How we will add $2,391,091.68+ to this brand in 2024.

February 12, 2024

Back in October, I got a referral from a friend’s agency. They had a client who sells high-end office furniture accessories and was profitable and slowly scaling, but they weren’t scaling as quickly as they thought they could.

This super-niche brand owns their entire process so they have a lot of flexibility with their scalability. In fact, they have their own US-based factory so growth is virtually endless operationally.

In 2023, this brand brought in about $5.8m but struggled to convert shoppers into buyers.

The problem? 

Someone would click on an ad then land on a homepage or product page that really didn’t offer much information about the product.

Really the only information the website offered was about product compatibility.

That’s it.

This is an extra big problem because his brand sells a highly premium product. In fact, they are a little over double the price of any competitor!

The website didn’t convey any information about why the brand demanded such a premium price.

Sure the product page had some cool graphics and looked tidy, but this product page didn’t follow our golden rule of conversion:

Give your shoppers all the information they need to make an educated buying decision.

In this case, the product page was offering ¼ of the value props which clearly wasn’t enough to convince a shopper to dish out twice the cash compared to a competitor.

So how did we increase conversions 42% for this brand?

First and foremost, we turned to our analytics.

The three key areas we looked at were:

  1. Shopify analytics
  2. Shopify reviews
  3. Hotjar

We started off with Shopify Analytics.

We focused on the conversion rate breakdown from ATC to purchase as well as the most trafficked pages and sources of traffic. This helped us understand the shopper intent while uncovering possible pinch points in the shopper journey.

Most of this data checked out and was “in spec” for where we expected it to be, but the ATC rate was pretty low.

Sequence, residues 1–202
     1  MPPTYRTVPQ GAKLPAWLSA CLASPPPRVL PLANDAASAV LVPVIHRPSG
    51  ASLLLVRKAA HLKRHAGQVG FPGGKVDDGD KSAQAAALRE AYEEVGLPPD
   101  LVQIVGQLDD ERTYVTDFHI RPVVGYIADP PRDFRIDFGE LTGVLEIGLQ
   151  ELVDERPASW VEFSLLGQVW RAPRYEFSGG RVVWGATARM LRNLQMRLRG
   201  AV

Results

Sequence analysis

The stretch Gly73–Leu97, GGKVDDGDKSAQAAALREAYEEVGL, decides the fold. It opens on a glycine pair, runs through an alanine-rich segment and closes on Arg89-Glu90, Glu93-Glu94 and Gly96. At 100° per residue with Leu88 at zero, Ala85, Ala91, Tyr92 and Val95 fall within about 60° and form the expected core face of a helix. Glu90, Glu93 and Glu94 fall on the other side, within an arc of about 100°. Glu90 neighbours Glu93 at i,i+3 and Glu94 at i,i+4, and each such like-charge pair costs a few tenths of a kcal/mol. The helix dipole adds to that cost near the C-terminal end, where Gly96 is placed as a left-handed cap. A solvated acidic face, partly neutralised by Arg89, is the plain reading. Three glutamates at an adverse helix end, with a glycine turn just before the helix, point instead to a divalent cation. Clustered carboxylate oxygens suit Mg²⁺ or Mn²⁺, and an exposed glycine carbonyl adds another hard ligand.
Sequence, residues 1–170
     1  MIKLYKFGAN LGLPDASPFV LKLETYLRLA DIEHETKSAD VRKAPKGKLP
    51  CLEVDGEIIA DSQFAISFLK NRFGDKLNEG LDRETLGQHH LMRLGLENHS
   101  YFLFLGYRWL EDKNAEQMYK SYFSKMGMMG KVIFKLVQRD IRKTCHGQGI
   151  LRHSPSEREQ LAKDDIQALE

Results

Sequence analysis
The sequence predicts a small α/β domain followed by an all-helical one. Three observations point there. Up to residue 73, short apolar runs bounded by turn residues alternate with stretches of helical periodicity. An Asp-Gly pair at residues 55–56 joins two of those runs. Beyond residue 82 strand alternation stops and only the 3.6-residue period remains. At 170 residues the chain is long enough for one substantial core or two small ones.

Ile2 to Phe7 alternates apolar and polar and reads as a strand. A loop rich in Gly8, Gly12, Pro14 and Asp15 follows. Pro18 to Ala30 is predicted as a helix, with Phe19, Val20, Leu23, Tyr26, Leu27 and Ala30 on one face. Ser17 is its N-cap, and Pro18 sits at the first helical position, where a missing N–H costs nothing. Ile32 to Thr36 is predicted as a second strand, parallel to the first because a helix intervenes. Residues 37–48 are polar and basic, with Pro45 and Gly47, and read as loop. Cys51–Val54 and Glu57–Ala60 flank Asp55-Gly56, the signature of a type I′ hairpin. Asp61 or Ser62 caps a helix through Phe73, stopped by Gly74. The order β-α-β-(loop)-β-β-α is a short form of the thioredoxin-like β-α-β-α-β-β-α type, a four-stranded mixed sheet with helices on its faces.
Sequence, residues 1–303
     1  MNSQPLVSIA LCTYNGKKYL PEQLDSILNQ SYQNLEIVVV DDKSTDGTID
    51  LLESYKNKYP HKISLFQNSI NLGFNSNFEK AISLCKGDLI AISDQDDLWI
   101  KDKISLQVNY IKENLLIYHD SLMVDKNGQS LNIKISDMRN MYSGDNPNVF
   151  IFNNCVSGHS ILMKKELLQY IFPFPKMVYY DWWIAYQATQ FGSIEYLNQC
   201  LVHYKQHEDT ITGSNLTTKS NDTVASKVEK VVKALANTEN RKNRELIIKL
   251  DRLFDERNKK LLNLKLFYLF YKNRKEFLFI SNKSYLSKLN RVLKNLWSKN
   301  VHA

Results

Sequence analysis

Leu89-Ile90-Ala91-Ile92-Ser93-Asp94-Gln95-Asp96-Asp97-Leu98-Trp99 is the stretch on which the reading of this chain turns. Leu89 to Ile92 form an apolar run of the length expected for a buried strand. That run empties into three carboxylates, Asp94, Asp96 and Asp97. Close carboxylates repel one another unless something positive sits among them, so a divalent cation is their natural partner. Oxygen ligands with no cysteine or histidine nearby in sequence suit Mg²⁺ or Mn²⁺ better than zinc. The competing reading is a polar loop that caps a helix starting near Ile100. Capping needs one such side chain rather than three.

Ding ding ding! We have an issue.

Next, we dove into reviews on the product pages.

What were people excited about? What were they disappointed in?

Using review data, we determined that the site wasn’t sharing enough information about why customers were actually willing to pay a premium.

In other words, the site lacked a lot of value props! Sure it gave the bare bones information, but it didn’t give any wow-factor to product quality at all!

Great! We got an understanding of what information was missing so we could start building a framework for the new site.

From here, we looked at HotJar

We wanted to see some heatmaps on the product pages as well as data around how far down the pages people were going.

Upon looking at the data, we concluded that people were actually going to a few areas the most (unsurprisingly).

  1. Reviews
  2. All the down, then back up
  3. Fitment information

What did this show us?

First and foremost, it showed us that people were looking for information, but couldn't find what they were looking for. People were spending time on reviews, but they were quickly brushing over all of the product information instead of learning about the product benefits and quality.

Instead, people were getting a general idea of the benefits and quality from the reviews.

This is good since it’s from a 3rd party, but it reduces control over what information we are sharing with our customers.

At this point, we had enough information to make some educated design and customer journey decisions. Here is a summary of the information collected and the key areas we needed to focus on:

  1. Comfort and health from better posture
  2. Industry leading quality that exactly matches the chair
  3. USA Manufacturing

Now with this information, we were able to build a value driving customer journey and informational website that was designed to convert well with the current marketing strategy.

The biggest improvement on this site came on the product page so I will summarize the sections here to give you an idea of what this looks like.

  1. Hero with a summary of all information needed to make a buying decision such as reviews, price, fit, colors, product quality, and buyer persona.
  2. Value prop overview to quickly outline why this product is worthy of the hefty price tag.
  3. Visual education to break down more product quality information.
  4. Education around why this product is needed and the problems it’s solving as well as the benefits of those solutions. In this case, we focused on how the product will improve posture which will lead to better productivity.
  5. Customer reviews
  6. Made in the USA information. This is a value prop for some buyers, but it isn’t as important as the other ones based on the reviews.
  7. Reiterate educational information around how the product will help users be more productive from an improved posture.
  8. Overview of the USA manufacturing and product quality.

This structure, we were able to tackle all of the key buying reasons for each customer persona (quality and benefits).

Now as people click from an ad or email, they are able to get all of the information they need to make an educated buying decision while justifying the premium price tag.

If your store isn’t converting as well as you think it could or should be, use this process to learn why your store isn’t converting and learn how you can improve your site as effectively as possible.

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